Setting trends

A greenie’s eccentric eco-friendly pursuits

Harpreet’s waste disposal plant collects garbage from 4 colonies to make organic manure, eco-bricks & cow dung pots

Deepkamal Kaur

Tribune News Service

Jalandhar, January 12

While the Local Bodies Department has failed to set up a proper waste management system, a simple yet very scientific set-up for handling garbage has been created by a local entrepreneur, which has become an eye-opener for many.

With just 7-8 young boys at his disposal, Harpreet Badwal (49) has set up a waste disposing unit just outside Jalandhar bus stand, where 3 tonnes of segregated wet waste is being shredded, processed and converted into organic manure daily. Owner of Acme Engineering firm, he is not just producing manure, but also generating coco peat from coconut shells, eco-bricks out of disposable bottles and one-time use plastic, cow dung pots from cow dung collected from gaushalas and cow dung cakes of Sahiwal cow, besides organic liquid manure.

After having taken training, attending workshops and touring Indore and Bengaluru for gaining expertise, Badwal says he has recently set up his waste management units.

“My boys are daily collecting waste from Jain Colony, Kamal Vihar, Silver Oak apartments, some city-based hotels and restaurants. We have given them two coloured dustbins for waste segregation for Rs30 each. In one, they put dry waste and in the other wet. We provided training to women in these areas and even domestic helpers on how to keep the waste segregated. These houses are also paying monthly wages to my boys for lifting the waste. While the dry waste acts as incentive for my ragpickers, who sell it as scrap, the wet is re-segregated before being shredded and processed with bio-cultures at our unit.”

The process does not just end here. “The shredded waste starts decomposing after three days or so through enzymes present in it. It is then lifted and moved to the curing plant, 10 km from here, where windrows are formed. The windrows ensure proper temperature for composting. After 30 days, this 3 tonne waste will convert into 300-500 kg of organic manure ready for sales. My manure has got certification from the Punjab Agricultural University and I sell it for Rs12 to Rs15, depending on the quantity of packaging, which varies between 1 kg and 40 kg,” the greenie shared, adding: “I do not even let the leached liquid go waste. I collect it and sell it as concentrated liquid organic manure in bottles, which is diluted and used in gardens.”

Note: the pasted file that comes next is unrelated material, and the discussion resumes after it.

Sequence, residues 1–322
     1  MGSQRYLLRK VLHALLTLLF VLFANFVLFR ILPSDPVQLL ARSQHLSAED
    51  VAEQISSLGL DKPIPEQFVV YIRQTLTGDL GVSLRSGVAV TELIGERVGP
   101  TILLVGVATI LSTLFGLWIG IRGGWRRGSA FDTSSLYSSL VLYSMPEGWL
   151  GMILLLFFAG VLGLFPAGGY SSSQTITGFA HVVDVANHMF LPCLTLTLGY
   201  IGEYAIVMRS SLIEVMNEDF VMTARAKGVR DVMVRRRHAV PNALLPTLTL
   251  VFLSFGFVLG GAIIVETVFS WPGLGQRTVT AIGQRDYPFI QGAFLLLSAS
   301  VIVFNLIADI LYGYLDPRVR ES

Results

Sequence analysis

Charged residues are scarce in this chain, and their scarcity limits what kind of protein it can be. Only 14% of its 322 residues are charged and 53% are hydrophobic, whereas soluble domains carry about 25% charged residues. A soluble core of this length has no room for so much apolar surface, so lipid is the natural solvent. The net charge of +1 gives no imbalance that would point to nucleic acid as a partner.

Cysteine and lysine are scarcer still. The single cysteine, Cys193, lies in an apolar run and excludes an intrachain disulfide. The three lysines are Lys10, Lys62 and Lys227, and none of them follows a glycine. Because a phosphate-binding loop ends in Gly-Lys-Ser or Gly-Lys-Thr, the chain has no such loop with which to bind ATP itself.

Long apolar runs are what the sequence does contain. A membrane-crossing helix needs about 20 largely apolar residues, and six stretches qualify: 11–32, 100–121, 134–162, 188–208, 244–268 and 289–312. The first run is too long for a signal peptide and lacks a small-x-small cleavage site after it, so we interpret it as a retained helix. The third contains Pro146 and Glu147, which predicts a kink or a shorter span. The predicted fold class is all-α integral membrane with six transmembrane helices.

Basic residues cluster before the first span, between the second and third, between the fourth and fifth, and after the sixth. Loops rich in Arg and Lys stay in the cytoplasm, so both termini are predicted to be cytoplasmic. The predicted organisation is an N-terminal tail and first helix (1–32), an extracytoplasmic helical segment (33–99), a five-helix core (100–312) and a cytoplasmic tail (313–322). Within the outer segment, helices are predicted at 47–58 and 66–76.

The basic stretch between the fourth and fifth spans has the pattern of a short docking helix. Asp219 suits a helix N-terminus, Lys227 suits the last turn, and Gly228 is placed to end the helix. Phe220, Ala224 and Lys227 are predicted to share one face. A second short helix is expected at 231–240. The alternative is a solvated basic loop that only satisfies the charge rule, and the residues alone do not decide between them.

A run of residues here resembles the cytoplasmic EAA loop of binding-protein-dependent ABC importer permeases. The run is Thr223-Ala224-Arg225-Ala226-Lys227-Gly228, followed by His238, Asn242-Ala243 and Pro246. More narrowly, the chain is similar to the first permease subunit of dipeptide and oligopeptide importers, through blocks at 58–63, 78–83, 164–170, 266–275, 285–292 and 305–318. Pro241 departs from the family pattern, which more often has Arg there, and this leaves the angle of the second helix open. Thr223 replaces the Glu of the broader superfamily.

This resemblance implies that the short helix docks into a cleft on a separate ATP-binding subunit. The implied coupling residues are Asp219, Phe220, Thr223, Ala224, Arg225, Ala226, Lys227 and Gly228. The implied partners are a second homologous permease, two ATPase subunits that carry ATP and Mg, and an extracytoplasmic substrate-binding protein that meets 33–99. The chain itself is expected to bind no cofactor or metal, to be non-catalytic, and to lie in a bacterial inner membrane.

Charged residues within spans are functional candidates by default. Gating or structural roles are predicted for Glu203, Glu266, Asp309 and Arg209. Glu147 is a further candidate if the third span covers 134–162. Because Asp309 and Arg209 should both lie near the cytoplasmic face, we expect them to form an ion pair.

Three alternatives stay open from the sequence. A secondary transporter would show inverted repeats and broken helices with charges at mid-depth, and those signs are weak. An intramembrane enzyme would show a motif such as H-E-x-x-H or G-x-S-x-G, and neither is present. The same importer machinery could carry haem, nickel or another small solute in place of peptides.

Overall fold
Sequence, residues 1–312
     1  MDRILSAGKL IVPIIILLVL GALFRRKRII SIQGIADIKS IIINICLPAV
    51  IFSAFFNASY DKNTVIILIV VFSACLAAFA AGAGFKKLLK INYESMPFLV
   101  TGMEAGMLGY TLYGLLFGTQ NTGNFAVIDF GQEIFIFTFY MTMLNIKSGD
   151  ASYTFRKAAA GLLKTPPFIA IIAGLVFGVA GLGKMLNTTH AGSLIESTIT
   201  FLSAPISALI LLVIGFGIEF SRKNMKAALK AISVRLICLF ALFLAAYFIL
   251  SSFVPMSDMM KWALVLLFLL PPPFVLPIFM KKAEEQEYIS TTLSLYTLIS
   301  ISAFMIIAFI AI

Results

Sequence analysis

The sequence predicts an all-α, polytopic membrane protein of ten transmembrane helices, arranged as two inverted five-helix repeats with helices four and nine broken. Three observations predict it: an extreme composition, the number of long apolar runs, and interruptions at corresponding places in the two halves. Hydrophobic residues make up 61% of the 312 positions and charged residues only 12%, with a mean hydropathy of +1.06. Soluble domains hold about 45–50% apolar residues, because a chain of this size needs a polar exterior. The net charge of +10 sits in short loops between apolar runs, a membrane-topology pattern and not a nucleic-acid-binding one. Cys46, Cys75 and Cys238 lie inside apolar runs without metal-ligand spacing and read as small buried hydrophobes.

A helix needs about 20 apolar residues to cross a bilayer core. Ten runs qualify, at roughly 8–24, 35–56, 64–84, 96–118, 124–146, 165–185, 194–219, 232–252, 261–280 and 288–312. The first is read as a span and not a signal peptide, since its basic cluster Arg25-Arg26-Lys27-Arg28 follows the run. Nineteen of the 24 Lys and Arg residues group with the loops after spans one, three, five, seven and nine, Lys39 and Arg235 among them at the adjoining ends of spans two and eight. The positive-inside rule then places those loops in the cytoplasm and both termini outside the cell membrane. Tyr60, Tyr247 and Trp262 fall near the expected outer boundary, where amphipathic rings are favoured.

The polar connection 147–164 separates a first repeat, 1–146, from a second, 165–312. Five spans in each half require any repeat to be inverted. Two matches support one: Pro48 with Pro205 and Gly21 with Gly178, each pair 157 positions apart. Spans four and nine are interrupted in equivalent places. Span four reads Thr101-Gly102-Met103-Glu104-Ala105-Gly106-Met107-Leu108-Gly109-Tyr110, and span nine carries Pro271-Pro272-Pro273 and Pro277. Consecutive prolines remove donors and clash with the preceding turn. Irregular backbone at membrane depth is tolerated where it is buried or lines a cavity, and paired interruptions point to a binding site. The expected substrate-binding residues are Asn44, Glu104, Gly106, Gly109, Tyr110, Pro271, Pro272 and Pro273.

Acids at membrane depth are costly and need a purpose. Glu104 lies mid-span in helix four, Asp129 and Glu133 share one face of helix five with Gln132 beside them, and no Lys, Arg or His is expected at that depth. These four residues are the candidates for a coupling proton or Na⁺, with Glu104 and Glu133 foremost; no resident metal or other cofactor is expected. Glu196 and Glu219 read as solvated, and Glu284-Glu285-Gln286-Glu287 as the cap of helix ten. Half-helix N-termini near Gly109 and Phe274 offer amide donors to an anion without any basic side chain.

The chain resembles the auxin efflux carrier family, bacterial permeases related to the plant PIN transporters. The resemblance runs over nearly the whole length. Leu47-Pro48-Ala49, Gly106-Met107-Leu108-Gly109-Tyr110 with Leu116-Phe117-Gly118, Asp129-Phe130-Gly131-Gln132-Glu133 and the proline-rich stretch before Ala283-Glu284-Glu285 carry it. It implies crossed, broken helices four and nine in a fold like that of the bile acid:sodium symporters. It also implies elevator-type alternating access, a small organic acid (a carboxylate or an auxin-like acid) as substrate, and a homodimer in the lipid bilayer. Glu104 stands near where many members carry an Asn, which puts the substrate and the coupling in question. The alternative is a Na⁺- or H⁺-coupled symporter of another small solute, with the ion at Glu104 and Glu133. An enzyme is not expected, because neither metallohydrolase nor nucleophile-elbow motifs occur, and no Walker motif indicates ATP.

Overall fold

Badwal says he has been running his business of submersible pumps and had recently shifted to the business of waste management.

“We collect cow dung from gaushalas of the city every day. Managing cow dung has been difficult for cowsheds within cities, as these tend to choke the MC sewage drains. But we are using it for making cow dung pots in another unit. People can pot seedlings inside these pots and later transfer the entire cow dung pots inside ordinary pots. The cow dung starts dissolving and gives nutrients to the growing plant. My friend takes all these pots from me and sell these via Amazon,” he said.

His unique eco-friendly pursuits do not end just here. He is also making eco-bricks at his other unit on Kapurthala Road. “We segregate all mineral water bottles. We stuff each bottle with 350-370 gm of one-time use plastic like chips and milk packets. This becomes stiff and can be used to make slum houses with layers of mud in between,” he said.

Badwal also has a way to deal with coconut shells making it to the city in large quantities on a daily basis. “I have also set up a plant to make coco peat out of the fibres of these shells.”

Besides, he is getting cow dung cakes made out of Sahiwal cow and supplying these to Hindu families, who like to use it to light it up. “I have plans to make cow dung diyas ahead of Diwali this year and have plans to tie up with Kamdhenu Aayog for gaining the expertise. I also have plans to make use of 2.5 tonnes of banana leaves daily making to the city and will share it sometime later,” he concluded.

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